Rightwing religions: where do they come from?
ReligionNewsBlog.com • Wednesday June 18, 2003
South African Press Association, June 17, 2003
By Marleen Smith
South Africa’s rightwing religions originated historically from a British movement dating from the nineteenth century, says Free State University theologian Sybrand Strauss.
The British Israel movement expounded the theory that the British were the real descendants of Biblical Israel and thus God’s only chosen people, says Strauss.
They argued that the 10 so-called lost tribes of Israel, who vanished from history after being conquered in 720 before Christ, eventually settled in Britain.
Strauss, who earlier studied South Africa’s rightwing sects for the Dutch Reformed Church, says it is not clear how Afrikaners became involved in this movement.
However, a variation of the classic British Israel theory states that not only the British are descendants of Israel’s 10 lost tribes, but all the white peoples of the world.
In South Africa, pastor FWC Neser from Vereeniging with his Ekklesia evangelical group was one of the first followers of the British Israel movement.
At one stage Neser was its local chairperson.
In a book by Neser he wrote the 10 missing Israel tribes escaped after being exiled to Assiria in 720 BC. They then trekked for centuries through Europe, eventually developing into the world’s “white, Western Protestant” nations.
Strauss classifies the different South African followings of this under the term White Israelism.
“These are people who put excessive accent on Israel, with the aim of religiously justifying their white racial purity.”
Neser’s group, for instance, believe “the blood of Israel must be kept pure to protect her identity.” They teach ” (racial) segregation in all areas.”
Among these are nineteenth century Boer prophet Siener van Rensburg and Johanna Brandt.
Brandt was the wife of a high-ranking minister of the Nederduitsch Hervormde Kerk, one of three Afrikaans Reformed churches.
She believed that she had received divine visions at her mother’s deathbed in 1916.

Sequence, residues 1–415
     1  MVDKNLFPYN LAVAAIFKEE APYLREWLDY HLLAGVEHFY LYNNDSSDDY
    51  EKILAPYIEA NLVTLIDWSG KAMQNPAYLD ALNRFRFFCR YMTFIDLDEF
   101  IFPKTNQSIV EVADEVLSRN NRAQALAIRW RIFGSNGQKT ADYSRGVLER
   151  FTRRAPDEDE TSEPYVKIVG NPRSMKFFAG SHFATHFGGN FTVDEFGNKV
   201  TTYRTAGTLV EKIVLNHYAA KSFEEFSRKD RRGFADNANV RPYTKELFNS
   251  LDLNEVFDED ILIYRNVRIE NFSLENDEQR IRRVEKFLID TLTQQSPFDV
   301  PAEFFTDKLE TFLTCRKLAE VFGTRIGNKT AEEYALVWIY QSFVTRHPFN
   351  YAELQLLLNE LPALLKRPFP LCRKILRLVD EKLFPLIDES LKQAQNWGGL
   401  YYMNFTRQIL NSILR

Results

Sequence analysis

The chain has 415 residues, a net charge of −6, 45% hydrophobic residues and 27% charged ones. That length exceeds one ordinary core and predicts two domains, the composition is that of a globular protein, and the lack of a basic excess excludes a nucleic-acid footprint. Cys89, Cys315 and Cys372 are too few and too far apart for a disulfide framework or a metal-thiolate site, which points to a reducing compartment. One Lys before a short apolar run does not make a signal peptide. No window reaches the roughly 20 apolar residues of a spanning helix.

“Brandt claimed to have received a personal visit then from a messenger of God,” says University of South Africa theologian Christina Landman.
“This messenger empowered Brandt to spread the message that the God of all Christians was returning to earth, and that he had chosen to come to South Africa.”
Ironically, Brandt’s later writings and reinterpretations of her 1916 visions led to her being described by Landman as one of South Africa’s earliest feminists.
She is also believed to have been an early proponent of the New Age movement, Strauss says.
However, in rightwing circles the prophesies of both Van Rensburg and Brandt are interpreted as to have predicted a so-called Night of Terror.
Many believe this event is to precipitate a rightwing coup d’etat in South Africa.
These prophesies are being incorporated into religious beliefs.
Ilda Peacock, for instance, said at the trial of her husband, Leon, and two co-accused that no human can precipitate the Night of Terror or any similar event.
It was part of God’s plan for the world and was to happen at its predetermined time, she said.
Peacock, Hercules Viljoen and Alan Rautenbach were recently sentenced in the Bloemfontein regional court for sabotage after plotting to blow up the Vaal Dam.
Their trial was heavily interlaced with references to their religious beliefs and the prophesies of Van Rensburg and Brandt. Especially Peacock often quoted from the Bible when testifying.
When sentencing them, magistrate WA de Klerk said they had been “good human material”, but their beliefs in these prophesies were their downfall.
“Their power and psychological grip over their followers are typical of a cult,” Strauss says.
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